The Survivor

The SurvivorWe were not alone.

I’d the sense not to speak my thoughts aloud this time. One more word and I would be disciplined at best, demoted at worst. Spencer had no patience with my hunches.

When the screaming started, I was the only one to drop to the ground, pulling Spencer with me.

“What the f–?” He began. I clamped a hand over his mouth.

All around us our fellow scientists, my friends, were being snatched.

Only a few feet away, someone was hauled past us, yanked along by an unseen force. Odd socks identified her as Georgie, our xenobiologist. The bags of cuttings we’d collected still swung from her belt. I moved to grab her as she flashed past.

Spencer pulled me back. He gripped my wrist, glaring into my eyes, silently ordering me to stay put. He knew I’d gladly lay down my life for her. She was my best friend on this expedition. My lover.

The screams faded into the distance. I couldn’t leave the little rat to follow her – he’d die by himself. I had to get him back first. Spencer’s face had turned a sickly yellow.

Not for the first time, I wondered why a man like this had been put in charge of an exploratory expedition. ‘No sentient beings on this planet,’ my arse.

When the first moon rose, I turned to him. “We’ll have to head back to the shuttle sooner or later.” He nodded.

The sensation of being watched was as strong as ever, but it wasn’t going away, so I ignored it. Why had they left us alone when they’d taken all the others? I tapped Spencer on the arm and we moved off, keeping low through the thick, head-high vegetation.

The scanners had told us there was no sentient life on Sigma 763, only vegetable mass. Well, the scanners were wrong.

We reached the edge of the clearing long after the star known as Beta pictoris had set, leaving us in near-darkness. Our shuttle stood there, the polished aluminium of her hull reflecting the starlight. Nothing moved near her, but it was a long dash to the safety of her armoured bulk.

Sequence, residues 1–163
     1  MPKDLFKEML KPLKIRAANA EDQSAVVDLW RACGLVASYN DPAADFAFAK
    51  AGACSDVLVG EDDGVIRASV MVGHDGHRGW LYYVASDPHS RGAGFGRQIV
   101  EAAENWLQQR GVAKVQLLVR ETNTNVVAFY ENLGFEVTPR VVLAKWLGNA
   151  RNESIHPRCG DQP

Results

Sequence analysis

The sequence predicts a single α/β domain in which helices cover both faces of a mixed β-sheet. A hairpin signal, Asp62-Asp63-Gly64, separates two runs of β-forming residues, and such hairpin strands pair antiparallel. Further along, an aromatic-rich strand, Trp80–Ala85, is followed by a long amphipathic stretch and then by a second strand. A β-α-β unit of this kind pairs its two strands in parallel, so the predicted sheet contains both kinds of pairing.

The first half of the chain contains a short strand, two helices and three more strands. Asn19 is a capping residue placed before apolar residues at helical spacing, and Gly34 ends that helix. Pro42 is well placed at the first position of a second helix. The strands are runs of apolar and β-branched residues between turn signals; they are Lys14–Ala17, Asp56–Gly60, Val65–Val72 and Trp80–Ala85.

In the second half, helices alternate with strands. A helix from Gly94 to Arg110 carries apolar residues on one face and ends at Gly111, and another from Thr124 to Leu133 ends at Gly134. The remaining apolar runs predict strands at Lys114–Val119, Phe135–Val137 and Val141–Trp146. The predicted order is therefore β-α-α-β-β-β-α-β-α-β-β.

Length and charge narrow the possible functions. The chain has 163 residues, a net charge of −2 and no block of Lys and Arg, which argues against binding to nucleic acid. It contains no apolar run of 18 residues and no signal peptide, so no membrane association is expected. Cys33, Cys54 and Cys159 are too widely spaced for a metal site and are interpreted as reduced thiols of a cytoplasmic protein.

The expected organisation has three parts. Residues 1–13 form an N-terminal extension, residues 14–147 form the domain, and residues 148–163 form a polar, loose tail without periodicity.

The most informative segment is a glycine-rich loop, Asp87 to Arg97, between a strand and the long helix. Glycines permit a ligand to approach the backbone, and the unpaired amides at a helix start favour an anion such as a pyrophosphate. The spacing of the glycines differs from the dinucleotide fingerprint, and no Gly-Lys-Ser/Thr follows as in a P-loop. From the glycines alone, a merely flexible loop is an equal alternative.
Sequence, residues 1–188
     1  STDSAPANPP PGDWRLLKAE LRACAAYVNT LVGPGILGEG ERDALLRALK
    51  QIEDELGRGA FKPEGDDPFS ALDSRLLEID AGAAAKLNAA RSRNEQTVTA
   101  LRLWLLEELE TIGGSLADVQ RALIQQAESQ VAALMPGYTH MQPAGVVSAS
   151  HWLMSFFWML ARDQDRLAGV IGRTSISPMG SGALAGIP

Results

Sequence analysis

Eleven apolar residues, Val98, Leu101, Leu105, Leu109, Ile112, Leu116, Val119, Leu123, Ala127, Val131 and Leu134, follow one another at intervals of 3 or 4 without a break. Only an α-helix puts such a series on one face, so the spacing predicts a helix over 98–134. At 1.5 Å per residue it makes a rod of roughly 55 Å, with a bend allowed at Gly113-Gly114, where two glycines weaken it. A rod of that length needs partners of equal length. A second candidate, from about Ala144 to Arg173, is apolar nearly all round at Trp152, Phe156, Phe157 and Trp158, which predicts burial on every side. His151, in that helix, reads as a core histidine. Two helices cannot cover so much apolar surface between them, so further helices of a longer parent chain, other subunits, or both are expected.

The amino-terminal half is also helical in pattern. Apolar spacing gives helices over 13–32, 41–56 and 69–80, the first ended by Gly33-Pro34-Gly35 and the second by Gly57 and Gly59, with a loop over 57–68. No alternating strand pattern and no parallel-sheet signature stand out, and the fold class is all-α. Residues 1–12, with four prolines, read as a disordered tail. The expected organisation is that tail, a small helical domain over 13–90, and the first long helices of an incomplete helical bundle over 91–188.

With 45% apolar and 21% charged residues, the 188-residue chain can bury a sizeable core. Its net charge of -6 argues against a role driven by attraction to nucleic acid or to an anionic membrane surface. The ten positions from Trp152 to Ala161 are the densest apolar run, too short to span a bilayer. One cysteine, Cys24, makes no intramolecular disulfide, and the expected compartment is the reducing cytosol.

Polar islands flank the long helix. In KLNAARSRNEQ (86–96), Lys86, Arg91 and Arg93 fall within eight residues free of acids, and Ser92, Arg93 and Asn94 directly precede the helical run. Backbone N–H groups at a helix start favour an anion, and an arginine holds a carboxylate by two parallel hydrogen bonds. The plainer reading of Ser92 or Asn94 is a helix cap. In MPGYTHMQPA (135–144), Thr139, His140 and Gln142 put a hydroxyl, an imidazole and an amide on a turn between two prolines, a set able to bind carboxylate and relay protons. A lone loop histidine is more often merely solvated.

Spencer hadn’t said a word on the long hike, following me like an automaton.

“Right,” I whispered. “It looks clear. “We’ll sprint to the door on three. Are you ready?” Spencer nodded, looking resolute. “I’ll shout for it to open when we’re close enough.”

I took a deep breath and rolled my shoulders. “One… two… thr–.”

He took off past me like a rocket, barging my side as he went, knocking me over.

Winded, I scrambled to my feet and took off after him. You bastard. I saved your measly life and this is how you repay me.

“Spencer, Chief Scientific Officer!” He shouted when he was halfway there. That should have released the door mechanism and lowered the ramp, but nothing happened.

“Mitchell, Technician!” I yelled, right behind him now. The door stayed closed.

Spencer skidded to a halt. I ran into the back of him, then turned to check behind us for pursuit, because the watchers were close. Invisible eyes bored into me from somewhere nearby, making the hairs on the back of my neck stand up.

Back to back with Spencer, chest heaving, I searched the shadows for movement. We had no weapons. The two guards sent to protect us had been amongst the seven taken.

Instinct made me spin round. Between us and the shuttle stood a tall, thin shape.

Huge eyes reflected silver in the light of the second moon. The creature appeared hairless and naked, unless the whole thing was a sealed suit or exoskeleton. I wished Georgie was with us – she would know.

Why have you come to our home?

The words came straight into my head, mind to mind.

“We didn’t realise there were sentient beings here,” I said aloud. “Our scanners only picked up plant life.”

Only plant life.

A jolt of anger hit me, its anger, but the creature didn’t move.

“We came to map the surface and to take samples for analysis,” I said quickly.

Our real mission was to assess the suitability of Sigma 763 for human colonization, but I didn’t think that would go down too well.

Human? The voice in my head was curious. What is this human?

It had read my mind. Unless it had got the information from one of the captured team members. I swallowed.

“Our species. We come from a planet not unlike yours, so the atmosphere here is suitable for us to breathe.”